The European Union’s Committee of the Regions has called on the European Commission (EC) to close the digital divide by ensuring that all citizens in the region have affordable broadband access. The EC has outlined its desire to get everyone online with high-speed connections by 2013 as part of the Europe 2020 plan, and the Committee has backed the initiative in a report written by Belgian MEP Jean-François Istasse. However, the report goes on to say that the EC must not rely on markets alone to deliver high-speed internet in hard-to-reach rural communities, mountainous regions and islands. The Committee has called on the EC to create policies that acknowledge market failure, and to set up public initiatives to help develop open networks in these areas. The Committee also warned of the potential impact on town planning and the environment from widespread deployments of antennas and masts

http://www.v3.co.uk/v3/news/2259014/eu-committee-urges-ec-close

Rural Scotland ‘set to benefit from super-fast broadband’

A £70 million project to bring high-speed broadband internet connections to thousands of people across Scotland has been completed. The Pathfinder North programme links 801 schools, libraries and council buildings in the Highlands, Moray, Argyll and Northern Isles with super-fast broadband. With five regional authorities involved in the scheme, it is one of the UK’s largest ever broadband investments.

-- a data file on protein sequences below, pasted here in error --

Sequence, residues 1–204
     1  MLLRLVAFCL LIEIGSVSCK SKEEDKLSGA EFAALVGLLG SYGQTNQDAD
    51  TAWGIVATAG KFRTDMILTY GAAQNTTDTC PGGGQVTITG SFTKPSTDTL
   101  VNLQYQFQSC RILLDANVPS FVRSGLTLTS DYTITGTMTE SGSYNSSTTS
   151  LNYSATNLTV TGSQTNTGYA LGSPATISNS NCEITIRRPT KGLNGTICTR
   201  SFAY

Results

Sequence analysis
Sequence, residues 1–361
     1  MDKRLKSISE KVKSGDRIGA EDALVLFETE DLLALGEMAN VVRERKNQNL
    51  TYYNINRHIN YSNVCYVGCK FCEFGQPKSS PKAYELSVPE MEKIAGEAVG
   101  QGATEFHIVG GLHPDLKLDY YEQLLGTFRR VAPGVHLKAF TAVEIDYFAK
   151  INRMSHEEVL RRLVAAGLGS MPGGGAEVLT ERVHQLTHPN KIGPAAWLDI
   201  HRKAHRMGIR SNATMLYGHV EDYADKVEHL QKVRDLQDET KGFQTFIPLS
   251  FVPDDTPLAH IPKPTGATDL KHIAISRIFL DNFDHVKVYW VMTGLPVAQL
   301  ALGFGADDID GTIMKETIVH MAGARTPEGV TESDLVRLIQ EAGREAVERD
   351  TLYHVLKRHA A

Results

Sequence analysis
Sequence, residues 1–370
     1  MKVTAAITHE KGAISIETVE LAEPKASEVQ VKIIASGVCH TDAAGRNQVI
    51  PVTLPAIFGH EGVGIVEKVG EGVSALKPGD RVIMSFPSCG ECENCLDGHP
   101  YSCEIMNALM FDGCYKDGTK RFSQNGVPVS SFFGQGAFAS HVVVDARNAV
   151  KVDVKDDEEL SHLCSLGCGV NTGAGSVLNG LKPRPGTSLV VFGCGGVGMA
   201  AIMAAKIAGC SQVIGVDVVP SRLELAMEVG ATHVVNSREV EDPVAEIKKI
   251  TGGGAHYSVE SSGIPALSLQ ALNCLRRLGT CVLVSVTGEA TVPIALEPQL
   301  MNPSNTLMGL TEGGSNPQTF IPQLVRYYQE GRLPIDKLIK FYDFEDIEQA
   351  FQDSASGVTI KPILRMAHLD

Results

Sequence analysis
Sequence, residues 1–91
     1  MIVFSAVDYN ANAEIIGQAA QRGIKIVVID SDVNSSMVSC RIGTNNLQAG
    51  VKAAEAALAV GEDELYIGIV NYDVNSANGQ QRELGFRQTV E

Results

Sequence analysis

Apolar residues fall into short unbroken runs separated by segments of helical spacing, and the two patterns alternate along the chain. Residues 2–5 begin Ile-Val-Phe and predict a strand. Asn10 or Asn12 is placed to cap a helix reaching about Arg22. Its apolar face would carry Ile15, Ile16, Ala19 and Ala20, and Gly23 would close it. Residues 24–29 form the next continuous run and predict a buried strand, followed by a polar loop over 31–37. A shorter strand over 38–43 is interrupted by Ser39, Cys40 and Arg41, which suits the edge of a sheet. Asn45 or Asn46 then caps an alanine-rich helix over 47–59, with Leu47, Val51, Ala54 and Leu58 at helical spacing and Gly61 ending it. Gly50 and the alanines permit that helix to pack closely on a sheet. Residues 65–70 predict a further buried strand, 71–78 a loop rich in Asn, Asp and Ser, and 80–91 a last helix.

Highland Council’s resources committee chairwoman Carolyn Wilson said: “The Pathfinder North scheme represents a major investment in rural locations, which depend so heavily on good communications. We are looking forward to using the network to the best of its capability, ensuring that we continue to meet the needs of all the communities we serve” Ms Wilson added that the provision of high-speed broadband is great news for the establishments involved – all of whom will now benefit from quicker download rates and smoother web browsing.

An evaluation period will take place between March and April, designed to identify the strengths and weaknesses of the Pathfinder North project in preparation for similar schemes in the future. Concerns have been raised previously about the broadband access offered to people in rural locations across Britain – especially in the Scottish Highlands.